“You are remembered for the rules you break.” - General Douglas MacArthur Ask any mega-entrepreneur – Gates, Ford, Jobs, Trump, McMahon – what the ingredients to success are and they'll all agree on at least one thing: You have to take risks. Break the rules, because they're made to be broken. Anyone can follow the path to modest success, but it takes a revolutionist to eclipse even the most astute business people and change the world forever.
Certainly none of this is news to you. You undoubtedly know that taking risks can yield enormous gain. But does the fear of failure keep you from realizing your potential? While rebranding a corporate identity might not carry the far-reaching risks of orchestrating Operation Cartwheel, it is something that can make or break a designer's career. When it comes to taking risks in graphic design, there are two fears: 1) that an idea will be deemed inadequate and will fail at the drawing board; and 2) that an idea will be deemed incredible and will fail in practice. The latter is worse, because few will remember when a designer's ideas have been tossed before money has been invested. A failed public campaign backed by tens of thousands or even millions of dollars will resonate for years – even decades. Despite these fears, every designer has faced the situation when a client wants something done one way yet believes it will work better another way. You don't want to anger your clients by wasting time on designs they do not want, but you want to make a name for yourself by designing the image that carries the brand for the next decade – the next century. You can negate these fears with a simple approach to taking intelligent risks:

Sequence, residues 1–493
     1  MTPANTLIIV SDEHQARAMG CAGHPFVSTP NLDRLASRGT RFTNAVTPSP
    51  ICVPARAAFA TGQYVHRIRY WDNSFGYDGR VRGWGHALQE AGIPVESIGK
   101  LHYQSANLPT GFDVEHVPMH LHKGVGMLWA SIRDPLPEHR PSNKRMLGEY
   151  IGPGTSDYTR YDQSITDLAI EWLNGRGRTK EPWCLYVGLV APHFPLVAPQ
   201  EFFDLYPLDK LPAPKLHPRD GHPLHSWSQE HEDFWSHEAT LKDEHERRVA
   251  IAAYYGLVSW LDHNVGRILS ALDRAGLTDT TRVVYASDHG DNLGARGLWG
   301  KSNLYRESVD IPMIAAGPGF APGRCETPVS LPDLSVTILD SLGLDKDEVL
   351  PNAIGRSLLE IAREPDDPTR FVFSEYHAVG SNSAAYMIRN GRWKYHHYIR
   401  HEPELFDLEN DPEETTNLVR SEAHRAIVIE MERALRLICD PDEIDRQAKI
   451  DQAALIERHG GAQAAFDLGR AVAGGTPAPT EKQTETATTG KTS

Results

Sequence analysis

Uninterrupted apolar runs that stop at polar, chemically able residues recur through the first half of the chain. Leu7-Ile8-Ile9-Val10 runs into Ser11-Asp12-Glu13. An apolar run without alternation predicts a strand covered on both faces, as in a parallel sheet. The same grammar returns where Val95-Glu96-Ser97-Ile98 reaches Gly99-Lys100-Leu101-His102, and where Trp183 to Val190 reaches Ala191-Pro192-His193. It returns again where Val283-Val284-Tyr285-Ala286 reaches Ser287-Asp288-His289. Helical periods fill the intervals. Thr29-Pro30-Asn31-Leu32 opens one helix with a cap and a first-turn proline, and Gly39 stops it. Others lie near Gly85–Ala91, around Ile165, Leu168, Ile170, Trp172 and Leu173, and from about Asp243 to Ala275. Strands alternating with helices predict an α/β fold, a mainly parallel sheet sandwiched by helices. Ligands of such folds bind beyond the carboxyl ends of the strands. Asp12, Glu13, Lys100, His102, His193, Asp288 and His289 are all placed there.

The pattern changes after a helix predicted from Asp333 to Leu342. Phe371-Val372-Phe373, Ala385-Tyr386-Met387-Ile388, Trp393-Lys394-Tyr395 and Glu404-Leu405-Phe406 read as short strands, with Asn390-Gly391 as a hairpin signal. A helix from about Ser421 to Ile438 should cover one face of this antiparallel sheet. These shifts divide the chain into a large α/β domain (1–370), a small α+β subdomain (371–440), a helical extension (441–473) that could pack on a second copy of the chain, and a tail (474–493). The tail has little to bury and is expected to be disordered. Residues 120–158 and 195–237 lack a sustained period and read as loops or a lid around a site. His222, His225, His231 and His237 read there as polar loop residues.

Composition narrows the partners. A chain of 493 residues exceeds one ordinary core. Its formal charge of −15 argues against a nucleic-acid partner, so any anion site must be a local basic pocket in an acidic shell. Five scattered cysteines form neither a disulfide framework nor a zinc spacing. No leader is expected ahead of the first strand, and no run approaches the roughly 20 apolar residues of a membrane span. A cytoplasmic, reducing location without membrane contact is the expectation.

- What are the pros and cons? List these, from the likely to the extreme. Ask yourself what will happen if you submit your design to your client and they hate it. What will happen if they love it but the public hates it? What will happen if everyone loves it?
- Is it worth it? Compare your lists and determine whether the risk outweighs the potential benefits, and vice versa. If it's truly revolutionary, it will be worth it – and it will be risky. Prepare for the shock.
- Do it free of charge. If you have a truly revolutionary idea but are afraid your clients will be angry that you've spent man-hours on a design they didn't ask for, complete the design they want and then do yours as a bonus. Make sure you point out that you devoted the utmost consideration to their concept before you created yours and just wanted to present it as an option. If you feel strongly about it, back up your statements with supporting evidence.
- Do as little as possible. If you can effectively convey your design with a sketch instead of a full-blown vector, by all means save the time, effort and money. If they want to see more, they'll have to pay you to fully develop the idea.
- Beta test. If your clients like the design but are hesitant to take the risk on it, see if they will be willing to beta test it against the other concept with small, targeted focus groups.
- If it bombs, don't be resentful. It might be right for you, but not for your client. Save it for the next opportunity. Ask your clients what it is about your idea that they don't like, and see what you can do to refine it so it works this time or next.
“I don't like to fail. I hate to fail. But I'm not afraid of it.” - WWE Founder Vince McMahon Image use from Wikipedia, http://en.wikipedia.org/wiki/File:MacArthur_Manila.jpg